316. Telegram From the Embassy in Greece to the Department of State1

3086. For Asst. Secy. Sisco from Ambassador Tasca. Subj: Contacts with Opposition. Ref: State 099827.2

I fully share your view on the usefulness of contacts with the opposition for the reasons you give. It is my intention to continue to see various former politicians at the residence on a regular basis. We have also invited a substantial number of the opposition to our Independence Day party on July 2.
As you point out, our contacts with the opposition must be handled in such a manner as not to impair our good working relations with the Government which are essential to the promotion of our important security interests in Greece. We must also avoid letting these contacts be exploited by the hardliners or the opposition for purposes that do not accord with our interests. The Greek Government will always be sensitive to Embassy contacts with the opposition, but I am confident that by judicious handling we can avoid undue difficulties, especially since, as you note, the Prime Minister is seeing members of the opposition.
My contacts and those of other officers of the Embassy with opposition figures are generally known around Athens diplomatic, political and press circles and some of my meetings have been noted briefly in the press. As we continue with further meetings, I would expect additional press reporting and we will discreetly try to stimulate some, but I suspect news interest will gradually wane.
I realize that contacts with the opposition have become a bone of contention with some Congressional, press and public critics of the present Greek Government, but I cannot help feeling that it has been to a large extent a fabricated issue and that it is not the real issue. We have never lost touch with opposition figures and we have always been aware of their views. My door has always been open. The real issue concerns the present two-pronged policy towards Greece. Regardless of the extent of Embassy contacts with the opposition, Greek and foreign opponents of the present Greek Government will continue to agitate [Page 795] for a shift in U.S. policy that would imply the application of sufficient U.S. pressure to force return to parliamentary government with or without the consent of the present ruling establishment in Greece. It would set this target as a priority ahead of broader political-military considerations regardless of the practical problems of implementing such a policy. Needless to say, such a policy would be fraught with great risks to security interests, with quite doubtful chances of success on the political side.3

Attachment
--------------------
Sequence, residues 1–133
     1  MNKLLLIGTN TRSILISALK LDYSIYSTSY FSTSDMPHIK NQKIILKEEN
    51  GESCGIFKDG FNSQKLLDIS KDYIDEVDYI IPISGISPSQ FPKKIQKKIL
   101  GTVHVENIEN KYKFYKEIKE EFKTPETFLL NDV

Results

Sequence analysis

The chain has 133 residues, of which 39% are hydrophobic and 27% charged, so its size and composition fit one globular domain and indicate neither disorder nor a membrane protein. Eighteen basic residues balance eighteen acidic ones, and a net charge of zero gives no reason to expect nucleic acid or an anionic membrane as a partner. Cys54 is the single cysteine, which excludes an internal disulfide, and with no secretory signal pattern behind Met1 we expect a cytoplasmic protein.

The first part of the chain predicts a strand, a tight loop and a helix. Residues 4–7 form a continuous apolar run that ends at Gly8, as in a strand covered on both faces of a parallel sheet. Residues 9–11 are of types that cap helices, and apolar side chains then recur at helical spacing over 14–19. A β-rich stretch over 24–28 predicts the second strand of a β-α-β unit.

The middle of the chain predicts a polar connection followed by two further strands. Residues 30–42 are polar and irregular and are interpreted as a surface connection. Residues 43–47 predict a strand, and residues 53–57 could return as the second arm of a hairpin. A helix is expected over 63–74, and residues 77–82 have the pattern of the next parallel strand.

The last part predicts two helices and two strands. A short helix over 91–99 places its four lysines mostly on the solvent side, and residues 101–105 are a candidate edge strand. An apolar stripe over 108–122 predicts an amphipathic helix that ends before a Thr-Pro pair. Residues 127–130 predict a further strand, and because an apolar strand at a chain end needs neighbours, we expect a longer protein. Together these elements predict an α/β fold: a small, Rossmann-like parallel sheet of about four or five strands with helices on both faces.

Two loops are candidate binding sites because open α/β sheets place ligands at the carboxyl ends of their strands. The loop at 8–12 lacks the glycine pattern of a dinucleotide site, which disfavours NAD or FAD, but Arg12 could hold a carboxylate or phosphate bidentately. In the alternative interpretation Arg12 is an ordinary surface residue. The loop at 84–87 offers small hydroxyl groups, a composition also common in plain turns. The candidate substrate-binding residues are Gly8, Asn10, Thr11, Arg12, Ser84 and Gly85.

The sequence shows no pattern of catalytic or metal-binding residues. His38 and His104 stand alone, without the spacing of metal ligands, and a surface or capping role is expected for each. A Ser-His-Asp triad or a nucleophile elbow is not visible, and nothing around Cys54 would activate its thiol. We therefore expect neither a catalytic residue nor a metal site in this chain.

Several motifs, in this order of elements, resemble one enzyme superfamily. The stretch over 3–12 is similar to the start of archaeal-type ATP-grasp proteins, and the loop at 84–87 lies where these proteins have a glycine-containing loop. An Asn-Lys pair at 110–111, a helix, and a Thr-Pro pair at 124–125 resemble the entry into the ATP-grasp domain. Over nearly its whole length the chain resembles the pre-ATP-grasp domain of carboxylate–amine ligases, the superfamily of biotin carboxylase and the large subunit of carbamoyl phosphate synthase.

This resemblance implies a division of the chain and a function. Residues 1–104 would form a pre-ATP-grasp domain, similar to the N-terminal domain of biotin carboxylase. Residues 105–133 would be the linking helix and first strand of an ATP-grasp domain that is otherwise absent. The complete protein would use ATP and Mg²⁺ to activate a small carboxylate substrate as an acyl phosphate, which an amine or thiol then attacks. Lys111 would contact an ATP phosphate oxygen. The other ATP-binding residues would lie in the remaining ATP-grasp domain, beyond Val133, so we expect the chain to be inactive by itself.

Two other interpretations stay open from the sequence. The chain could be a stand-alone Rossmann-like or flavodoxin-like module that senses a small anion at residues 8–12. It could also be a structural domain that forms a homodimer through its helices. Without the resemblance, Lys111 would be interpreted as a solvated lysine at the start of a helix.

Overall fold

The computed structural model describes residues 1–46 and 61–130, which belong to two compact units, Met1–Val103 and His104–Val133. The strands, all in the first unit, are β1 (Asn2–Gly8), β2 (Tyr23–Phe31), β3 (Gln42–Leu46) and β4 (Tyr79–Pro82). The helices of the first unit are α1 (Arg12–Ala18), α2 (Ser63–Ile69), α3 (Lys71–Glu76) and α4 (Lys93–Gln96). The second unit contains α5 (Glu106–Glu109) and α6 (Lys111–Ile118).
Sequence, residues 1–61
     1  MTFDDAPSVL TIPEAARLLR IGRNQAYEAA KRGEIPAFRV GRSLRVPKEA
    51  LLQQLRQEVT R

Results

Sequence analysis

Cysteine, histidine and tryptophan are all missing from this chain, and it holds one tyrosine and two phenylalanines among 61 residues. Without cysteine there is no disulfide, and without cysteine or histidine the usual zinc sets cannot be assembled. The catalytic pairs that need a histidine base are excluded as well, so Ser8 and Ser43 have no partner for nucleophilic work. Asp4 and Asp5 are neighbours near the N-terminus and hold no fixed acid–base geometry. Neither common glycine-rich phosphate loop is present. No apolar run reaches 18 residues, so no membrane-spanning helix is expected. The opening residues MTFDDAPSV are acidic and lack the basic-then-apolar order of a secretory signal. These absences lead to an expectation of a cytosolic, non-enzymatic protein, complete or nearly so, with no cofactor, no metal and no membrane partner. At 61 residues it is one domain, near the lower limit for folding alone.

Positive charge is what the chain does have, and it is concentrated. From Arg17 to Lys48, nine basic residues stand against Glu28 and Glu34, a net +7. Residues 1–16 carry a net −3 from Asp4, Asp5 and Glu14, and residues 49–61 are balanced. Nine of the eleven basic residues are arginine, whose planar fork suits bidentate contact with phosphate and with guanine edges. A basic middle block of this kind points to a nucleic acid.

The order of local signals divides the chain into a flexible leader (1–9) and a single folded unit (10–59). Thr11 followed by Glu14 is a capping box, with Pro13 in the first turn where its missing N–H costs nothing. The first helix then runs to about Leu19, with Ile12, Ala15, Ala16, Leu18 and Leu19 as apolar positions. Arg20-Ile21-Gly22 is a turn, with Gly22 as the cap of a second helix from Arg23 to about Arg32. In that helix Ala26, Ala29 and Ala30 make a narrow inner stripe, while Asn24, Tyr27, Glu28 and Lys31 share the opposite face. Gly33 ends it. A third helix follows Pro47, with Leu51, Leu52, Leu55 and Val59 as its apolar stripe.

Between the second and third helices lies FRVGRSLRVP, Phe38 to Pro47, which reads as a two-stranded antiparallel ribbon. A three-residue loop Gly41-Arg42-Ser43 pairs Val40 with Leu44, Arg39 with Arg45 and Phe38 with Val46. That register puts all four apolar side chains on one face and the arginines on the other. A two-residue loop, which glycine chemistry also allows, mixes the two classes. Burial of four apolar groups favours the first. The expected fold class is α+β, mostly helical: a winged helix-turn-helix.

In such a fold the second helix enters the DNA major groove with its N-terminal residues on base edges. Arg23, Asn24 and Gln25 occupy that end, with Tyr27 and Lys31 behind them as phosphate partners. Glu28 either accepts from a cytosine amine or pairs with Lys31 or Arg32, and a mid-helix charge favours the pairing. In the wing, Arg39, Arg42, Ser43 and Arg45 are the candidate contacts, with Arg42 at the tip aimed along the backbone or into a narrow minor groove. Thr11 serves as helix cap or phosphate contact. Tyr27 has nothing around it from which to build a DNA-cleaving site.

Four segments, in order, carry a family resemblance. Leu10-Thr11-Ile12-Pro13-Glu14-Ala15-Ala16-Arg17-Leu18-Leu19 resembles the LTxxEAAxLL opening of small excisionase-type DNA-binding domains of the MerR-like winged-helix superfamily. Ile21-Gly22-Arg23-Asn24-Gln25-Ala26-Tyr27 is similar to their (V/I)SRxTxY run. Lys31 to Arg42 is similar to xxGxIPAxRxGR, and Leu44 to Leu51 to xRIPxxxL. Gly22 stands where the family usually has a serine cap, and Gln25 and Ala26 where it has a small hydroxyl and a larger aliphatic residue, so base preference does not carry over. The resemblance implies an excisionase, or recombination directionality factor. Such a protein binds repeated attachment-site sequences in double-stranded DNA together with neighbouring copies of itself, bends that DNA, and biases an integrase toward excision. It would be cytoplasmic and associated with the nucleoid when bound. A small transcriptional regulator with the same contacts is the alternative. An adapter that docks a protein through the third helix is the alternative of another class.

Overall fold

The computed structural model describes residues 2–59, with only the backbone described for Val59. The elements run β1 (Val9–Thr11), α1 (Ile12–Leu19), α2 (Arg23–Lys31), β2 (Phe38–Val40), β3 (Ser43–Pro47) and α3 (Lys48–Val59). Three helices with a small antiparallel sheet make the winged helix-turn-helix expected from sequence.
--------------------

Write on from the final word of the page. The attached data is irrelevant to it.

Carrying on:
1. Source: National Archives, Nixon Presidential Materials, NSC Files, Box 594, Country Files—Middle East, Greece, Vol. II 1 Nov 1970–31 Dec 1971. Secret; Exdis.
  2. Dated June 7, it instructed the Embassy to increase its contacts with opposition figures in order to better display U.S. efforts to promote democracy to both Congress and the press. (Ibid., RG 59, Central Files 1970–73, POL 15–1 GREECE)
  3. In an April 25 backchannel message to Kissinger, Tasca commented: “I attach great importance to the way in which these contacts are handled, as in this area there may be greater hazards to our interests than would be noticeable at first glance.” He asked for Kissingerʼs “personal attention” to the issue. (Ibid., Nixon Presidential Materials, NSC Files, Box 594, Country Files—Middle East, Greece, Vol. II 1 Nov 1970–31 Dec 1971) Tascaʼs concern was apparently stirred by a June 2 meeting between Sisco and Demetracopoulos. (Telegram 3136 from Athens, June 23; ibid.) In a subsequent message to Davies (telegram 3470 from Athens, July 11), Tasca outlined his meetings with opposition figures. (Ibid., RG 59, Central Files 1970–73, POL GREECE)